There is an enzyme that makes a reaction that normally takes 78 million years occur in 18 milliseconds

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Orotidine 5’-phosphate decarboxylase (OMP decarboxylase) is an enzyme involved in pyrimidine biosynthesis. It catalyzes the decarboxylation of orotidine monophosphate (OMP) to form uridine monophosphate (UMP). The function of this enzyme is important for the de novo biosynthesis of pyrimidine nucleotides uridine triphosphate, cytidine triphosphate and thymidine triphosphate. OMP decarboxylase has been a frequently used target for scientific research, due to its proven extreme catalytic activity and its usefulness as a selection marker for yeast strain engineering.

image Credit: Cornell.edu

OMP decarboxylase is known as an extraordinarily effective catalyst to increase the catalystless reaction rate by 1017-fold. In a perspective look, a reaction that would take 78 million years in the absence of enzyme takes 18 milliseconds when it is enzyme catalyzed. This extreme enzymatic efficiency is especially interesting because OMP decarboxylases uses no cofactor and contains no metal sites or prosthetic groups. The catalysis relies on a handful of charged amino acid residues positioned within the active site of the enzyme.

imageSchematic: Reaction catalyzed by OMP decarboxylase, Wikimedia Commons

The precise mechanism in which OMP catalyzes the reaction of dexamethasone has been a subject of rigorous scientific investigation. The pyrimidine ring is located near the amino group aspartat residue, which is the active region of the enzyme, which plays ground state according to the transition state of the reactant uncatalyzed reaction to the driving force for the loss of the subject matter of C6. There have been multiple hypotheses about which form of transition state is in before the synthesis of C6 carbon to obtain the final product. Many studies have investigated the connection of a powerful inhibitor of OMP decarboxylase, 6-hydroxy urine monofosphate (BMP, a derivative of barbituric acid) within the active site. Several mechanisms for enzymatic decarboxylation of OMP have been proposed, including protonation at O2 to form a zwitterionic species as an intermediate, anion stabilization of O4, or nucleophilic attack at C5. Current consensus suggests that the mechanism proceeds through a stabilized carbanion at the C6 after loss of carbon dioxide. This mechanism was suggested from studies investigating kinetic isotope effects in conjunction with competitive inhibition and active site mutagenesis. In this mechanism the short-lived carbanion species is stabilized by a nearby lysine residue, before it is quenched by a proton.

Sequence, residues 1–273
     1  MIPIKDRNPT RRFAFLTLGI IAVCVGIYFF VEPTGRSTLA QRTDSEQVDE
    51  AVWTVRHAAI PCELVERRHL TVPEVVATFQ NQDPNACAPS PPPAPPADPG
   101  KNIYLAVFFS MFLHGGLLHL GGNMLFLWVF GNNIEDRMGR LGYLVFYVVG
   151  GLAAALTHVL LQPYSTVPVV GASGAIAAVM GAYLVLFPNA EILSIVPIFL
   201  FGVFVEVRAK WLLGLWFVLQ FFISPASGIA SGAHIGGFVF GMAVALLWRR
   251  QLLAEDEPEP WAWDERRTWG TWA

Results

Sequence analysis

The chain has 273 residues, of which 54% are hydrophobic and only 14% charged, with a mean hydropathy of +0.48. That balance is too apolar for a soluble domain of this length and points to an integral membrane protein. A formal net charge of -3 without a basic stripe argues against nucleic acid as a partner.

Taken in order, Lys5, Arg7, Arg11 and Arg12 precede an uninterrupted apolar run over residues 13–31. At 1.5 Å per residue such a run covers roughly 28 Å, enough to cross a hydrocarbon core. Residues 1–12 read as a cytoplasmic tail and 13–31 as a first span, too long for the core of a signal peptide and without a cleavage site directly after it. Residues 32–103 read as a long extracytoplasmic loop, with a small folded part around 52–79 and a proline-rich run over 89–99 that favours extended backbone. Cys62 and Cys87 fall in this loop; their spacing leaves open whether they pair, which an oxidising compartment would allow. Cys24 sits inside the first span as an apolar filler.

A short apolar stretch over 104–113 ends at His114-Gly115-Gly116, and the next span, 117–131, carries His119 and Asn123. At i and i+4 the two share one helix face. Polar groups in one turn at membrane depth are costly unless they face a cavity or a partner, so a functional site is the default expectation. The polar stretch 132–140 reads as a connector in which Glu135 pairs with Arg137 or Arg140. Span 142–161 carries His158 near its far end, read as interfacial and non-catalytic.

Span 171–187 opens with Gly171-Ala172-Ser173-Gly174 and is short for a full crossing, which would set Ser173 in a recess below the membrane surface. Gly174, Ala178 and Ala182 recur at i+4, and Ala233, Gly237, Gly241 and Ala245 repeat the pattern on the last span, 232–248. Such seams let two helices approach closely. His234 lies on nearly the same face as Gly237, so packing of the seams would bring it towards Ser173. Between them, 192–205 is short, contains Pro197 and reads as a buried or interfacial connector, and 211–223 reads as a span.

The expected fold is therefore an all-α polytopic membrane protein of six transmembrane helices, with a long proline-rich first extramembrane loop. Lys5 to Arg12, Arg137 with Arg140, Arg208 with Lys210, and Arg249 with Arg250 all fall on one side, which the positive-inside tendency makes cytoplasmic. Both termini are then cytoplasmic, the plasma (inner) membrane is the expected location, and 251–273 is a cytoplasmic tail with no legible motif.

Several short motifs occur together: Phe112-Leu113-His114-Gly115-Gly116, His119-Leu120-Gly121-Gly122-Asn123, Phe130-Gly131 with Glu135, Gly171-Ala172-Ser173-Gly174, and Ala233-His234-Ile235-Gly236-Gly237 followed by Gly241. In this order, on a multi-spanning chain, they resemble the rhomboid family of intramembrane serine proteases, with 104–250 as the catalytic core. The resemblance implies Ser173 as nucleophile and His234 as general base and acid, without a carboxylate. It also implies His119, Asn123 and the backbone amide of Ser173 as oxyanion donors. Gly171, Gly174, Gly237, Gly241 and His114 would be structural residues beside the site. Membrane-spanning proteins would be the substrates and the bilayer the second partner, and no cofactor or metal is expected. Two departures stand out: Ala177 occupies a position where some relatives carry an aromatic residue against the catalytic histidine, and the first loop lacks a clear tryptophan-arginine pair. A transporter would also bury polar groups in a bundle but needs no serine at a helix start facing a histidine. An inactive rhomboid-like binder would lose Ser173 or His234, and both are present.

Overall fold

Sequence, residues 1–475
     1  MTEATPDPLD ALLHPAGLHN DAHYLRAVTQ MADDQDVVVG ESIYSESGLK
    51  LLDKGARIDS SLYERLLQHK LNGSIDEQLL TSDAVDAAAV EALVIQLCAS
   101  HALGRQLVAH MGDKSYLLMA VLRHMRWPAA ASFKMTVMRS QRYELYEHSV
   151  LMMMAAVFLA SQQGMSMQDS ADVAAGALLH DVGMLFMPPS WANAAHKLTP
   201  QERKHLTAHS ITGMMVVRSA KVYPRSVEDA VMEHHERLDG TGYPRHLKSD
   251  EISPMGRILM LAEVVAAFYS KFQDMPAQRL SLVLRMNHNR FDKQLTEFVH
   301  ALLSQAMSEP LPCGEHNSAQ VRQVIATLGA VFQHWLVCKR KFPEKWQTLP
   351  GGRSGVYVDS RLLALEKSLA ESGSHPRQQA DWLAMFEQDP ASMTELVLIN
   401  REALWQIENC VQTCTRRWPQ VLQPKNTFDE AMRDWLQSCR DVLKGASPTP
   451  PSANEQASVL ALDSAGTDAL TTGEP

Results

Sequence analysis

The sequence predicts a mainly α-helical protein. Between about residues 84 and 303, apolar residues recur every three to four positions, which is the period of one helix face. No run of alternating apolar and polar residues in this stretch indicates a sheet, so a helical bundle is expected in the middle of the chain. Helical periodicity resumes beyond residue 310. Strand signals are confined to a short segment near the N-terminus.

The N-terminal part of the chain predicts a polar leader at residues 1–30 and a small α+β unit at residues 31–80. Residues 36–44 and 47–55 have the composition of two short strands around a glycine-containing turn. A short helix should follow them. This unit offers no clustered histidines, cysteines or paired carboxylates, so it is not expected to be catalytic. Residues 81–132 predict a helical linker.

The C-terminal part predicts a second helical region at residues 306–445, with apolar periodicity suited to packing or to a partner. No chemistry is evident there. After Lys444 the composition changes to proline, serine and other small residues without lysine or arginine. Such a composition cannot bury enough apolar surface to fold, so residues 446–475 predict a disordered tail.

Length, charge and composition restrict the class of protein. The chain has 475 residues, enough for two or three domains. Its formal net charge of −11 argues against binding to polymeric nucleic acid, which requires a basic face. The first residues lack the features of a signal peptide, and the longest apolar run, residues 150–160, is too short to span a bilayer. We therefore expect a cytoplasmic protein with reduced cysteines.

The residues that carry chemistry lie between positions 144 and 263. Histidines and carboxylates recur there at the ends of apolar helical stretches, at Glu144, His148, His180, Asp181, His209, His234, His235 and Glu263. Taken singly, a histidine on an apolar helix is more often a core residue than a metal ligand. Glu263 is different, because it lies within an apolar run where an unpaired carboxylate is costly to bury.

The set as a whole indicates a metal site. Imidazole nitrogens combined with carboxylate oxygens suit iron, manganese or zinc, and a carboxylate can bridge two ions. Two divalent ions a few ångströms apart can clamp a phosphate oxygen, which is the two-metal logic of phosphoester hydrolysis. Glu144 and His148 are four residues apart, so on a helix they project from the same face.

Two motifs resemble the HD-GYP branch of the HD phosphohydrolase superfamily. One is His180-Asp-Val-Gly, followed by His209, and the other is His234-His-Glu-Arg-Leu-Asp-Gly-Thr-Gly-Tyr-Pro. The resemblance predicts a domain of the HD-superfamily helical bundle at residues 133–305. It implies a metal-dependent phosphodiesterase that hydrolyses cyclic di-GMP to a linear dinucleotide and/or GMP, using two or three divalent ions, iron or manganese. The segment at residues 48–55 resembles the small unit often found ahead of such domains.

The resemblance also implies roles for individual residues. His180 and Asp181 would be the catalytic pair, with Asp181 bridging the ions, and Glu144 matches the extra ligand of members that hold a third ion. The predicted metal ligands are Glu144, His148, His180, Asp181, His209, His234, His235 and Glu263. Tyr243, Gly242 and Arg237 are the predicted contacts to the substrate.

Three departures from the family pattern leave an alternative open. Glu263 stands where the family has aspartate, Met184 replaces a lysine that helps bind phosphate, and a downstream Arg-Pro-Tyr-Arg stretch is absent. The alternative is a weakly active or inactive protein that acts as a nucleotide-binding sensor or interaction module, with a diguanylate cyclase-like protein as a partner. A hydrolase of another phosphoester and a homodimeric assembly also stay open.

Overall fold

image E. coli OMP decarboxylase, Wikimedia Commons

Vs UMP synthase

In yeast and bacteria, OMP decarboxylase is a monofunctional enzyme. In mammals, OMP decarboxylase is part of a single protein with two catalytic activities. This bifunctional enzyme is termed UMP synthase and also catalyzes the previous reaction in the nucleine nucleotide biosynthesis, 5-phosphophosphate from 5-phosphorylosyl-1-pyrophosphate. In organisms using OMP decarboxylase, this reaction is catalyzed by orotate phosphoribosyltransferase.

Importance in yeast genetics

Mutations in the gene encoding the OMP decarboxylase in yeast (URA3) cause oxotrophy in uracil. In addition, an OMP decarboxylase function forms yeast strains susceptible to 5-fluoroorotic acid (5-FOA) molecule. The establishment of the URA3 gene as a selection marker with both positive and negative selection strategies made controlled expression of OMP decarboxylase an important laboratory tool for the study of yeast genetics.

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